- Students who present an IB Diploma and who also earn a minimum of 36 composite points with a score of 5 or higher in all six of their IB examinations will receive eight Clark units (one full year). Students who present an IB Diploma (a minimum of 24 composite points) will receive four Clark units (one semester). Students who do not complete the full IB Diploma will receive one Clark unit for each higher level examination with a score of 5 or better up to a maximum of three Clark units.
- Students transferring to Clark from another institution may transfer in no more than 16 units of course credit. Students who begin their course work at Clark may subsequently transfer up to a maximum of 12 units of course credit from other schools.
- Normally, no more than one year (eight course units) may be taken in study-abroad programs.
Full-time study is defined as a three- or four-unit program. Normally, undergraduates enroll in four courses per semester. Students should consult their faculty advisers, or in some cases, the Academic Advising Center or major departments when questions about course or program selections arise. With approval from the College Board, juniors and seniors with a minimum GPA of 3.0 in their prior semester, or with a minimum cumulative GPA of 3.0, may enroll in a fifth course.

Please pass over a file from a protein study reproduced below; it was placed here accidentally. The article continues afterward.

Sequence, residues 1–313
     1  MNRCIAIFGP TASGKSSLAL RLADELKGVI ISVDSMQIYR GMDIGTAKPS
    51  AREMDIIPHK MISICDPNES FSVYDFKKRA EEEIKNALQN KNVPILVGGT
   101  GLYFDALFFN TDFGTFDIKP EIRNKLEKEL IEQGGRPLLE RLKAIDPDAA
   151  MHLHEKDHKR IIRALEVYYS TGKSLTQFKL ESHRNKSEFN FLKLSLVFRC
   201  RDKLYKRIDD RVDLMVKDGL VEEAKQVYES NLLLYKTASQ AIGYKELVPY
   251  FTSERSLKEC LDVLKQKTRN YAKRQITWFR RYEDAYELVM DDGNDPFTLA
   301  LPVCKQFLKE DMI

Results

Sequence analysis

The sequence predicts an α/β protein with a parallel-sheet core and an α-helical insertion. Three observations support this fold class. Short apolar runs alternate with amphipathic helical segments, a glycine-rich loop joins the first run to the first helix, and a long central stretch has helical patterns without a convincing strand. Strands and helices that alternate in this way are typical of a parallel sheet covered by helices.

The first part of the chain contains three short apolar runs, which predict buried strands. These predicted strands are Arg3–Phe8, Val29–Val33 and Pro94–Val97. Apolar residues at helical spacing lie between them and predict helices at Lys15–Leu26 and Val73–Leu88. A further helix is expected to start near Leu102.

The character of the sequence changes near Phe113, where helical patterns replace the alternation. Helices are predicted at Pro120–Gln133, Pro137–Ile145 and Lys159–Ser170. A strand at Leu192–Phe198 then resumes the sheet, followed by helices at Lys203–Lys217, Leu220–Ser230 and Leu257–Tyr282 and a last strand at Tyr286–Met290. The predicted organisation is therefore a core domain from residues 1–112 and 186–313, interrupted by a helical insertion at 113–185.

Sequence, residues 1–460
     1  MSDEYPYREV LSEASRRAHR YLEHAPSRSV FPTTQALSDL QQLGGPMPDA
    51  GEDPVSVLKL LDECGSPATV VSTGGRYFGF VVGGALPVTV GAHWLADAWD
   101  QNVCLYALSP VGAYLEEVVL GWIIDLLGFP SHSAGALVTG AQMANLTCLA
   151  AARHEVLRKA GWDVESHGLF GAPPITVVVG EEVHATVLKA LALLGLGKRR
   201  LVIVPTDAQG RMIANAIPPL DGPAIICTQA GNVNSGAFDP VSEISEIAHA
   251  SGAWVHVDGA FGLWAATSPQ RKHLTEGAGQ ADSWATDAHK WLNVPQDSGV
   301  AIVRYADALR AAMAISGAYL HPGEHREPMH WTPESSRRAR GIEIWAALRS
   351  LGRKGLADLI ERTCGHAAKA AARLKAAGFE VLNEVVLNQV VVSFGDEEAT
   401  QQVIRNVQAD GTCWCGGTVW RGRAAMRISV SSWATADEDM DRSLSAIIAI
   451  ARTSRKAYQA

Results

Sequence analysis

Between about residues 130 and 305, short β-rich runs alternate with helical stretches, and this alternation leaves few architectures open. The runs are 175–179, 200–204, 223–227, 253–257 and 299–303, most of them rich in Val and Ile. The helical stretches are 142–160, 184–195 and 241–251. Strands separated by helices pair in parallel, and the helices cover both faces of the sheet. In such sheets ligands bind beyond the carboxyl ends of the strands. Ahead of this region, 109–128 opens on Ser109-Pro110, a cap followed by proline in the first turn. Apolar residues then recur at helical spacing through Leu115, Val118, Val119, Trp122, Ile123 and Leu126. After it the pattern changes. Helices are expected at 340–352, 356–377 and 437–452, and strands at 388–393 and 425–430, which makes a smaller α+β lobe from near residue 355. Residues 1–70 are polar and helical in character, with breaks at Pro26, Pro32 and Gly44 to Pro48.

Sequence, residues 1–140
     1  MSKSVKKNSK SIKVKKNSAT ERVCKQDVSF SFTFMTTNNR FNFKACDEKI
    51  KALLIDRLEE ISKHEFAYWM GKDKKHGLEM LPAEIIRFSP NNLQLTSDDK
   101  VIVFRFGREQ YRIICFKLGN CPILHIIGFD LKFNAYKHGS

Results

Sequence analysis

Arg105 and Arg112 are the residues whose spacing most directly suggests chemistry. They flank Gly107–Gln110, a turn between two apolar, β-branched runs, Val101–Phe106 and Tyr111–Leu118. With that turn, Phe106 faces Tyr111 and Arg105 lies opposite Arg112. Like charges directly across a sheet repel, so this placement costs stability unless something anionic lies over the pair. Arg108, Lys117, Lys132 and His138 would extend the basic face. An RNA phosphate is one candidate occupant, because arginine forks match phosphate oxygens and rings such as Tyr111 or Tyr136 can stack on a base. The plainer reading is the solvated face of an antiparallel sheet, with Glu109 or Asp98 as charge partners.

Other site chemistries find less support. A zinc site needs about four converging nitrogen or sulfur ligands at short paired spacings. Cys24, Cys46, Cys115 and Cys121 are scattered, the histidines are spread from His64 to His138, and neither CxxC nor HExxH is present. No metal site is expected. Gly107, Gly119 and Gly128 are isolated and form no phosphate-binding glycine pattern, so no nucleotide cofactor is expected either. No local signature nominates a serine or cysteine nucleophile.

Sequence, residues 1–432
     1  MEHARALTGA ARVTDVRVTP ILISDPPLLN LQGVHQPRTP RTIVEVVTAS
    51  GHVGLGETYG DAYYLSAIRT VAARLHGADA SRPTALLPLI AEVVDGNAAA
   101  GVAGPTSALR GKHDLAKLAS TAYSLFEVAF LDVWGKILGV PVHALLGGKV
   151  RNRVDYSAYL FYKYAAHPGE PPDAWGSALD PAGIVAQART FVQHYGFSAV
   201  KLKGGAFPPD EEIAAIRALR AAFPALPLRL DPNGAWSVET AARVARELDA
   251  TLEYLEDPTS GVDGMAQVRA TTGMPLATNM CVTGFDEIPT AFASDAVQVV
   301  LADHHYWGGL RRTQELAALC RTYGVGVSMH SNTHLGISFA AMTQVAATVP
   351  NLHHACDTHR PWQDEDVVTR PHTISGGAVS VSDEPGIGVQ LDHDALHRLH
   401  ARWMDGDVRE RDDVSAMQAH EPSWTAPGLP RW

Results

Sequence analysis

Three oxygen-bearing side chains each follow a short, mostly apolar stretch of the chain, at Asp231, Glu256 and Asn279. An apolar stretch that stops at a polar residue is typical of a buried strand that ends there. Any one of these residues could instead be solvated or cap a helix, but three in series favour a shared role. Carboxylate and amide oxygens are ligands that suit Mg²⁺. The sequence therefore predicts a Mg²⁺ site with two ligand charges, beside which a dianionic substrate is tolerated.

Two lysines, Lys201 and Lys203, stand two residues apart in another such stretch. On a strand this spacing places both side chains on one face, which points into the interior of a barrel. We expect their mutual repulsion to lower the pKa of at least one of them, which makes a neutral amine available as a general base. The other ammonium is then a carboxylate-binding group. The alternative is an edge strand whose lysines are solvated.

While first-year students and sophomores may choose any course designated by a department as open to them, 200-level courses are normally designed for juniors and seniors. Juniors and seniors may elect any 100- or 200-level course, provided they have met all required prerequisites and have the permission of the faculty member, if necessary.
Undergraduates may be admitted to 300-level graduate courses with the approval of the instructor.
Grades are an indication of individual performance in each course taken at the University. At Clark, four grading options are currently in use:
- Graded courses: This option uses the symbols A, B, C, D, and F with the modifying symbols “+” and “–” for A, B, and C. The lowest passing grade is D.
The faculty has approved the following qualitative description of grades:
- A indicates work of distinction, of exceptionally high quality
- B indicates good work, but not of distinction